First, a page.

'Huge impact' here if Jakarta bans maids
A POTENTIAL ban on Indonesian maids working overseas will have a major impact on Singapore, which depends heavily on the country for domestic help, said maid agents here.
There are about 125,000 Indonesian maids in Singapore, based on Indonesian embassy estimates, making up about half of the 218,300-strong domestic worker population here.
"Indonesia has been a good and reliable source country for domestic workers for so many years. The impact will be huge," said Shirley Ng, owner of Orange Employment Agency.
"A potential ban is serious. If it happens, the maid industry will be affected badly," said Gary Chin, owner of Nation Employment, Singapore's biggest maid agency.
Singapore maid agents were reacting to Indonesian President Joko Widodo's comments - made last Friday during political party Hanura's national congress in Solo, Central Java - that he wants to stop Indonesian women from working abroad as maids, and better protect the rights of overseas workers.
This is not the first time that an Indonesian president has spoken out about restricting Indonesian women from working as maids overseas.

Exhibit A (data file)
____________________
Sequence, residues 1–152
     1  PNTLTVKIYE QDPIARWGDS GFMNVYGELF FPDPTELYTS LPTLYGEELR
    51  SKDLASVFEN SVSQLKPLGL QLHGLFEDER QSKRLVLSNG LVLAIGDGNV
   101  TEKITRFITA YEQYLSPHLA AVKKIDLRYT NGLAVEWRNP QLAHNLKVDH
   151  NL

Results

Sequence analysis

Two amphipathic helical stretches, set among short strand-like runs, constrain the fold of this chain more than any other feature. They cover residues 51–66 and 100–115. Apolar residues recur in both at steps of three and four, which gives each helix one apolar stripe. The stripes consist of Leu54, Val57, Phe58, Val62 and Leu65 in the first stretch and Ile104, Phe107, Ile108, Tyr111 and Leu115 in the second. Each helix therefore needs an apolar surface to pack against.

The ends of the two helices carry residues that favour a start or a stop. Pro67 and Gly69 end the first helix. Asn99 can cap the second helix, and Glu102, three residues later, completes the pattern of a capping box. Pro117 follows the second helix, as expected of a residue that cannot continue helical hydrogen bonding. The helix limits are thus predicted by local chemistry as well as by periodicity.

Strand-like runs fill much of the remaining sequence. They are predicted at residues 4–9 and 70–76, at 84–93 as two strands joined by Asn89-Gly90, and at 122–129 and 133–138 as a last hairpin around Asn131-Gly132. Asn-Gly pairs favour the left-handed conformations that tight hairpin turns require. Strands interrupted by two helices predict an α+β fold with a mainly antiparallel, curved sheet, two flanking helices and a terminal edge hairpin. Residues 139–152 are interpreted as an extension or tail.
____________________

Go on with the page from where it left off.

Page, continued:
In 2012, Mr Joko's predecessor, Susilo Bambang Yudhoyono, promised to provide one million jobs by 2013 to encourage Indonesian women working as maids abroad to return to the country. The initiative did not take off.
The number of Indonesian maids coming here to work has been rising. In 2012, there were 100,000 women here, but that rose to 125,000 last year.
Still, maid agents say that the latest statement reflects a growing move to protect Indonesian women who go abroad to earn money.
In November, Indonesian Manpower Minister Hanif Dhakiri said Jakarta does not aim to impose a complete ban on maids working abroad.
Rather, the authorities want to ensure that the workers are properly trained as babysitters or caregivers.
Mr Chin said he interprets Mr Joko's comments as a push by Jakarta to send higher skilled maids overseas.
"Indonesia wants to stop sending lowly-educated, unskilled domestic workers from going abroad. Instead, it wants to send maids who are better trained and who command higher salaries," added Mr Chin.
What is likely to happen is not an outright ban but a drop in Indonesian maids coming here, said maid agents.
"Indonesian officials will tighten the recruitment process to make sure that the domestic workers coming here have gone through training. The numbers will likely drop over the next few years," said Mr Chin.
But these measures may end up putting Indonesian maids at a disadvantage, who may continue to work as maids overseas despite a ban, said Association of Employment Agencies Singapore president K. Jayaprema.
"Some domestic workers may leave the country as undocumented workers. That means they won't be able to go to their embassy for help if they get into trouble overseas."